Thursday, the Guardian released a poll conducted on Monday and Tuesday nights by Public Policy Polling looking at America’s reaction to the National Security Agency (NSA) controversy. The public appears to be reacting negatively to the revelations – and it seems to be hurting President Obama.
We found 50% of American voters believe the NSA should not be collecting telephone or internet records, compared to the 44% who think they should. The results hold even when respondents were told that the data the government is collecting is “metadata” (and not necessarily actual content of communications).
These results are consistent with a CBS News poll, Fox News poll, and YouGov surveythat showed only 38%, 32%, and 35% of Americans respectively approved of phone record collection in order to reduce the chance of a terrorist attack. A Gallup poll was consistent with these, showing only 37% approved monitoring of Americans’ phone and internet use.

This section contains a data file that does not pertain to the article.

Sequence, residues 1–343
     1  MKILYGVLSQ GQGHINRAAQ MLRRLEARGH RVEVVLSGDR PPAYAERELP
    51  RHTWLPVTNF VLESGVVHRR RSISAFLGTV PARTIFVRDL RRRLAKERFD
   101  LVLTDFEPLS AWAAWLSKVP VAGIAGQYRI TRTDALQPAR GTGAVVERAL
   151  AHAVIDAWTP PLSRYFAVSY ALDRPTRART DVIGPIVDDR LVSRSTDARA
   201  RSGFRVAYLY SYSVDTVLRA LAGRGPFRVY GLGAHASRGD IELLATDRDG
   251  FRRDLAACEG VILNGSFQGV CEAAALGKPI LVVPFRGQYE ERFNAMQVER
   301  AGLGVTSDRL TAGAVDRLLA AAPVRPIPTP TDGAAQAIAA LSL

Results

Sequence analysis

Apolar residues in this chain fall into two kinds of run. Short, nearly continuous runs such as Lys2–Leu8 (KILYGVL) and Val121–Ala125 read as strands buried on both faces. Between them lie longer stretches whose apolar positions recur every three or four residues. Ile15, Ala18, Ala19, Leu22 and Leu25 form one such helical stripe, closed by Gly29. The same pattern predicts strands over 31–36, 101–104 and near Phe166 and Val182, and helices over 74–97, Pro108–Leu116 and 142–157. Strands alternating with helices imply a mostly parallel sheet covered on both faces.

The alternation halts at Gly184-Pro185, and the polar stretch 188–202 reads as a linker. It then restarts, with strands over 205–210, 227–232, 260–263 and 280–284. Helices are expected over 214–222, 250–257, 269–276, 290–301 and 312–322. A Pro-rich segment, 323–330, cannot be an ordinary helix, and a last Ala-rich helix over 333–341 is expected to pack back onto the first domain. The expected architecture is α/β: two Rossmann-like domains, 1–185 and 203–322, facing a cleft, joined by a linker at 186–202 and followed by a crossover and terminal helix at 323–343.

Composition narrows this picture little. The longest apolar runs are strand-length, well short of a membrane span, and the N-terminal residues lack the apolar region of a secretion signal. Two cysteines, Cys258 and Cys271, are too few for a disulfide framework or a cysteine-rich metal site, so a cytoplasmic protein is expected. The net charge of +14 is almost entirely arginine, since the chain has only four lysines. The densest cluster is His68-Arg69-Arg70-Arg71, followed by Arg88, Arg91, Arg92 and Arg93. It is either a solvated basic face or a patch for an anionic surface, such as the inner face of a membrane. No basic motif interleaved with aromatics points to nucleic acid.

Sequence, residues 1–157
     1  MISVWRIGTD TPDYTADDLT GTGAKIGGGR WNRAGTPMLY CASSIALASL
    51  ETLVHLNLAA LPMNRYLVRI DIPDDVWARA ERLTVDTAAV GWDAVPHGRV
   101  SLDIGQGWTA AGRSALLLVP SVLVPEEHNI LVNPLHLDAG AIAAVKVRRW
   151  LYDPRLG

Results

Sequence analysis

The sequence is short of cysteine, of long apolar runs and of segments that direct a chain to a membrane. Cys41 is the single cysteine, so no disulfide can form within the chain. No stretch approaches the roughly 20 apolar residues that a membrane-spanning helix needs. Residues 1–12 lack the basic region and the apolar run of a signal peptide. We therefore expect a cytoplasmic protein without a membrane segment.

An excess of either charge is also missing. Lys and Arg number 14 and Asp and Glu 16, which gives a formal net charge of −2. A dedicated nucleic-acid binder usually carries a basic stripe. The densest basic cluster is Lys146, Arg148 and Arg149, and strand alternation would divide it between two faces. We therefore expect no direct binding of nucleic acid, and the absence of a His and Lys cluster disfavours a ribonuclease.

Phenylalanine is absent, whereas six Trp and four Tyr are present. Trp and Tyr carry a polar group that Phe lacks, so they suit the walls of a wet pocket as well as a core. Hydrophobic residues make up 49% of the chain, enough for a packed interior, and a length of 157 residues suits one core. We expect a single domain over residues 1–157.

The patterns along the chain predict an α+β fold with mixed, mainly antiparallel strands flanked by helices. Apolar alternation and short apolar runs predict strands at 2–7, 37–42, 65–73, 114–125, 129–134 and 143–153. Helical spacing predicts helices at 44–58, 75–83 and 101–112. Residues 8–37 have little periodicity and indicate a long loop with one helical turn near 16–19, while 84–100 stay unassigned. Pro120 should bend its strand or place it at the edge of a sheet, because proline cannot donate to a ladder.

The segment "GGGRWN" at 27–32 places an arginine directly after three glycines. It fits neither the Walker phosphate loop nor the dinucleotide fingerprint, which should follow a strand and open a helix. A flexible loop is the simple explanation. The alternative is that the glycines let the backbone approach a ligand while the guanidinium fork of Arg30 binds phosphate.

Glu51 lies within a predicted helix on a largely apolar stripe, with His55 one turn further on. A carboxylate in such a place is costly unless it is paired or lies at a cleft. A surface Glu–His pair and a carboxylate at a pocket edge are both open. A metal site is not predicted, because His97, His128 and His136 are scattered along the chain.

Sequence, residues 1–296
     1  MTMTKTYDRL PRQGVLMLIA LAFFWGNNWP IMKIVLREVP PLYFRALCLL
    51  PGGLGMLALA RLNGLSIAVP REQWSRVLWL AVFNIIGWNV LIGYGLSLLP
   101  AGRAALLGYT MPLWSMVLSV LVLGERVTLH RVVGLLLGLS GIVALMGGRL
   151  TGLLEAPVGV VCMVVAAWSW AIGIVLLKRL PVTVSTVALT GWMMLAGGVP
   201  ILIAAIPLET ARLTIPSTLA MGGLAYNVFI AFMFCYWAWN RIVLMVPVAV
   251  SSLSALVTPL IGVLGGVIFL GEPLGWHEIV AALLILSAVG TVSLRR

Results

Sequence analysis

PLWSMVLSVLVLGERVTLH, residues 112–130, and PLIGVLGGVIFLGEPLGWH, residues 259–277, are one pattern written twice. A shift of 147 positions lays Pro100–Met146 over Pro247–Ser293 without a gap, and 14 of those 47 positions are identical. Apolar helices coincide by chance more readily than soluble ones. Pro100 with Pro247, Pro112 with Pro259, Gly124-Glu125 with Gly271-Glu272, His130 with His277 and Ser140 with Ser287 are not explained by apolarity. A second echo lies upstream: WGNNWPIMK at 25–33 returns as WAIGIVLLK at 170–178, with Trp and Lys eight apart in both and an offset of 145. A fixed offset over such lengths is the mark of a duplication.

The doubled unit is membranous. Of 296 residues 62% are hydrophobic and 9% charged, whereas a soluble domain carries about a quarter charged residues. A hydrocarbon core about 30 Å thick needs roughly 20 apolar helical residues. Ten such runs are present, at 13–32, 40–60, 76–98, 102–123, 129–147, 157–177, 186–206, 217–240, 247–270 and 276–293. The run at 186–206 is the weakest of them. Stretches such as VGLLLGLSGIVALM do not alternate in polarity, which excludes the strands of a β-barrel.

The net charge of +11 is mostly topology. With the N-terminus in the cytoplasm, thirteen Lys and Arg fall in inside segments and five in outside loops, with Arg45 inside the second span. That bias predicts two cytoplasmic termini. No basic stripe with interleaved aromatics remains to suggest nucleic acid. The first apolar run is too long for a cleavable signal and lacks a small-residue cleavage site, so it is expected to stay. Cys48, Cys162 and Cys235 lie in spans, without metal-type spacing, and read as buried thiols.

The results conflict with a Pew Research/Washington Post survey, which showed 56% of Americans found the NSA’s tracking of phone records to be acceptable. Why the difference?
As Mark Blumenthal pointed out Wednesday, the difference could well have to do with the Pew Research/Washington Post poll pointing out that the government had a “court order”. A court order would, to most, probably imply something less sinister; other pollsters had not made this distinction.
That said, the Guardian survey confirms the Pew survey in another important way. Nate Cohn recognized Wednesday that only 45% of Americans approved of the government monitoring of Americans’ emails and computer information. The Guardian survey discovered a very similar 41% of Americans who feel this way.
It’s fair to say the majority of Americans are, at the very least, unhappy with one or more aspects of the NSA data-mining revelations. The question is, though, whether or not President Obama will suffer political fallout from the leaks. The answer seems to be that he very well may.